Look Pro: Éclatant de Panache

Pantani always moved <a href=
Sur La Plaque. Photo via BikeRaceInfo.com" src="http://www.velominati.com/wp-content/uploads/2013/03/1998-17-Pantani-Guerini-620x449.jpg" width="620" height="449" srcset="https://www.velominati.com/wp-content/uploads/2013/03/1998-17-Pantani-Guerini-620x449.jpg 620w, https://www.velominati.com/wp-content/uploads/2013/03/1998-17-Pantani-Guerini.jpg 635w" sizes="(max-width: 620px) 100vw, 620px" /> Pantani always moved Sur La Plaque. Photo via BikeRaceInfo.com

The Prophet was very clear on how best to ride an individual Time Trial; start as fast as possible and finish as fast as possible. As for the middle, his advice was to ride that as fast as possible.

The same can be said of climbing; as we covered in Part I and Part II of the Sur La Plaque series, the key to climbing well is to hit the bottom as hard as possible, and then move into the big ring as you go over the top in order to finish the climb as fast as possible. As for the middle section; well, hit that as hard as possible and focus on keeping your momentum going.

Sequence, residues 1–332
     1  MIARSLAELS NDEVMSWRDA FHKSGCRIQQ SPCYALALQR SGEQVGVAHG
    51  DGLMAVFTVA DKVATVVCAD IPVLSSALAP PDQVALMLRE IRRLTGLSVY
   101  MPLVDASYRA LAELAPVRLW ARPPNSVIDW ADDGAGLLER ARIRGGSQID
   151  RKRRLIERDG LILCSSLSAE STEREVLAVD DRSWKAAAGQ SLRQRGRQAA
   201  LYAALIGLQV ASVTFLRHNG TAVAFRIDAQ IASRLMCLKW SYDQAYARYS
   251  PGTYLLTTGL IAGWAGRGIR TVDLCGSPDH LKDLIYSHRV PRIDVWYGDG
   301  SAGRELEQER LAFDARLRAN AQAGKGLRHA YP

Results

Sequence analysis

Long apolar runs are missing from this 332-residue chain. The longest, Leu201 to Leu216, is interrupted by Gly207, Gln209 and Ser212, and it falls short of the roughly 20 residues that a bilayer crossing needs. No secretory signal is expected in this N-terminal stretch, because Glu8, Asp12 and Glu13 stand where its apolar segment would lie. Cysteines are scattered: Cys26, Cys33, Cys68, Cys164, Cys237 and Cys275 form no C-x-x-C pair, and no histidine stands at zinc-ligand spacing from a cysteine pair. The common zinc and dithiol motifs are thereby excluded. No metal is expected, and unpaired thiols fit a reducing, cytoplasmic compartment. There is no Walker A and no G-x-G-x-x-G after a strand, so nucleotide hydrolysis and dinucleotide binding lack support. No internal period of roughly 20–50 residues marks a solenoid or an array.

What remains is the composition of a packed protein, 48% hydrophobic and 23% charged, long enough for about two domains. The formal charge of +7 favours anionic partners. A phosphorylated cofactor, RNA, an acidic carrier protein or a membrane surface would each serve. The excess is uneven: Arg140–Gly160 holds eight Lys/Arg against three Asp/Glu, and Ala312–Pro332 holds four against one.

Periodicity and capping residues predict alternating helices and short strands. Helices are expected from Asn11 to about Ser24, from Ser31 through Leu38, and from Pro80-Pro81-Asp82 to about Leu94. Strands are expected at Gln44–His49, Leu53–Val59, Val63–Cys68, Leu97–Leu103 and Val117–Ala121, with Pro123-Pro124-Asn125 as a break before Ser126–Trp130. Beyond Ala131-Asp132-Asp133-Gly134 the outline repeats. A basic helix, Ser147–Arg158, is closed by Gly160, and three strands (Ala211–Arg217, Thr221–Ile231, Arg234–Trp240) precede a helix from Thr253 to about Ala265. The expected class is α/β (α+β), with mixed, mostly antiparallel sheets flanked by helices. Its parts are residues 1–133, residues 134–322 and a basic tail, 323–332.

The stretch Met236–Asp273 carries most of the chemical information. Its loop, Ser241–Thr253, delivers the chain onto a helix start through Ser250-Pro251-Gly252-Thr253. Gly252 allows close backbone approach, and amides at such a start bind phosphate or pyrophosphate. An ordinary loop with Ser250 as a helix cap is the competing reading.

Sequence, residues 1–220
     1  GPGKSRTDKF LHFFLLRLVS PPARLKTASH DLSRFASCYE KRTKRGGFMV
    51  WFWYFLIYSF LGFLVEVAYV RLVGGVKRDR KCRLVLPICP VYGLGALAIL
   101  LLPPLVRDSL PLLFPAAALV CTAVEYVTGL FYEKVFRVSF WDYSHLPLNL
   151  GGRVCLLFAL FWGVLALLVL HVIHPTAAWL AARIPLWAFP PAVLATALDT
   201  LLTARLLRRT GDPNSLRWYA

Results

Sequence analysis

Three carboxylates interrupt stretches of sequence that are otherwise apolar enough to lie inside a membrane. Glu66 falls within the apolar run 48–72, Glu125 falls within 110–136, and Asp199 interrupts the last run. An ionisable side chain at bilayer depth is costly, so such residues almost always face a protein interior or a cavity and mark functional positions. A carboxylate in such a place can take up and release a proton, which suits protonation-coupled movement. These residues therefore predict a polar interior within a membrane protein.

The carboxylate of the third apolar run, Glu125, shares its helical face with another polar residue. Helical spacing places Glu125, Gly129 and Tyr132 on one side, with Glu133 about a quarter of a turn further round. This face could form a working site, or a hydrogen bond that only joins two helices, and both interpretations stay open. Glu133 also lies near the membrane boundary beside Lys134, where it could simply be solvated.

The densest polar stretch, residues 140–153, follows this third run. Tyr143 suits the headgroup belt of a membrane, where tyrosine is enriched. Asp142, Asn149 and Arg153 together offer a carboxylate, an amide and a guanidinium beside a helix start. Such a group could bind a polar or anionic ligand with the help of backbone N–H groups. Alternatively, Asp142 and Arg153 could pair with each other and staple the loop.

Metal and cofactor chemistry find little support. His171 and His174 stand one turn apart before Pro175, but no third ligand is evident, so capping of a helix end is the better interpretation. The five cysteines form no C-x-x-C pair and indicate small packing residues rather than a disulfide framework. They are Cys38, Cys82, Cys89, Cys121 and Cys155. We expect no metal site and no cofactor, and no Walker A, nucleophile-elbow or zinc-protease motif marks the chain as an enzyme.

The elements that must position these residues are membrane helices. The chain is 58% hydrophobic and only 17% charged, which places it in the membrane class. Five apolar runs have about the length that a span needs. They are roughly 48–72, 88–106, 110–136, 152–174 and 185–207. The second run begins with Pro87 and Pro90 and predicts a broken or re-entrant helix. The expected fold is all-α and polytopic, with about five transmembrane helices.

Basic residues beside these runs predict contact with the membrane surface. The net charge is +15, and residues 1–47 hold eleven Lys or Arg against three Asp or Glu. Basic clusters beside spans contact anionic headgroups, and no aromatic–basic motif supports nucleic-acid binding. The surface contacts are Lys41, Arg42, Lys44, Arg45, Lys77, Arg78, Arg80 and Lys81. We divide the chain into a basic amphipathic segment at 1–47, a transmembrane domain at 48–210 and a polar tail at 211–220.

The trouble is with this pesky notion we have of “gauging our efforts”. Certainly, the perfectly measured climb would result in riding the whole of it à bloc before moving Sur La Plaque over the top, blast down the other side and – just as you hit escape velocity – explode spectacularly, using your perfectly honed LeMond Tuck to recover in time to crush it in the valley to the next climb where you repeat the process. Panache.

Panache is a dualistic thing; almost without exception do we admire it in others, and almost without exception are we too cowardly to hold it inside ourselves. Panache doesn’t speak of caution, or of measured action. It speaks of impulse – compulsion, even – to attack despite one’s better judgement. It speaks of throwing caution to the wind. It weighs heavy with the risk of exploding magnificently and trading angel’s wings for the devil’s anchor.